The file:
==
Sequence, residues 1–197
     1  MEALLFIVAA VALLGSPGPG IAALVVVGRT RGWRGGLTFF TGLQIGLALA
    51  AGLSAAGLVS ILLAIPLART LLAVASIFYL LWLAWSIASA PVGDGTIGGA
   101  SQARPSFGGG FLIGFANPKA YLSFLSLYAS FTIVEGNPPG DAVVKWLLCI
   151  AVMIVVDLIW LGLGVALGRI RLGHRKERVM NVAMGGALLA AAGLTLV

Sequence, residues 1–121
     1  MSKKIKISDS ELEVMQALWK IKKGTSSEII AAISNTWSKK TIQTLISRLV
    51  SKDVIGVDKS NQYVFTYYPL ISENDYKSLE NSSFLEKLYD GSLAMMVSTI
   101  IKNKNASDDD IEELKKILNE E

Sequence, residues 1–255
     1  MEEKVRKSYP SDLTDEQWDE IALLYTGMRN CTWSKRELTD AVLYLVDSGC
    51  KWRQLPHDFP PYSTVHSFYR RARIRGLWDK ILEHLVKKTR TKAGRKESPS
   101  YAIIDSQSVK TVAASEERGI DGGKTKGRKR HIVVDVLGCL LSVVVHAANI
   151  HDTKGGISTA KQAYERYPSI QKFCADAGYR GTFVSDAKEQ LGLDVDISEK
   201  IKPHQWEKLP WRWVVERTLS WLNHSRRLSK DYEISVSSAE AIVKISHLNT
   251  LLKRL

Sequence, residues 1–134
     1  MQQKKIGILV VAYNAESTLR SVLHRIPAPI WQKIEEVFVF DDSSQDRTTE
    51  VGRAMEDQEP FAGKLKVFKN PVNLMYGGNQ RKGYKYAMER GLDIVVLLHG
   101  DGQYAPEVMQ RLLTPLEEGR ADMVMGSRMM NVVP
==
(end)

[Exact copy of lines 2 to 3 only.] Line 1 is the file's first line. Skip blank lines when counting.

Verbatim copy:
     1  MEALLFIVAA VALLGSPGPG IAALVVVGRT RGWRGGLTFF TGLQIGLALA
    51  AGLSAAGLVS ILLAIPLART LLAVASIFYL LWLAWSIASA PVGDGTIGGA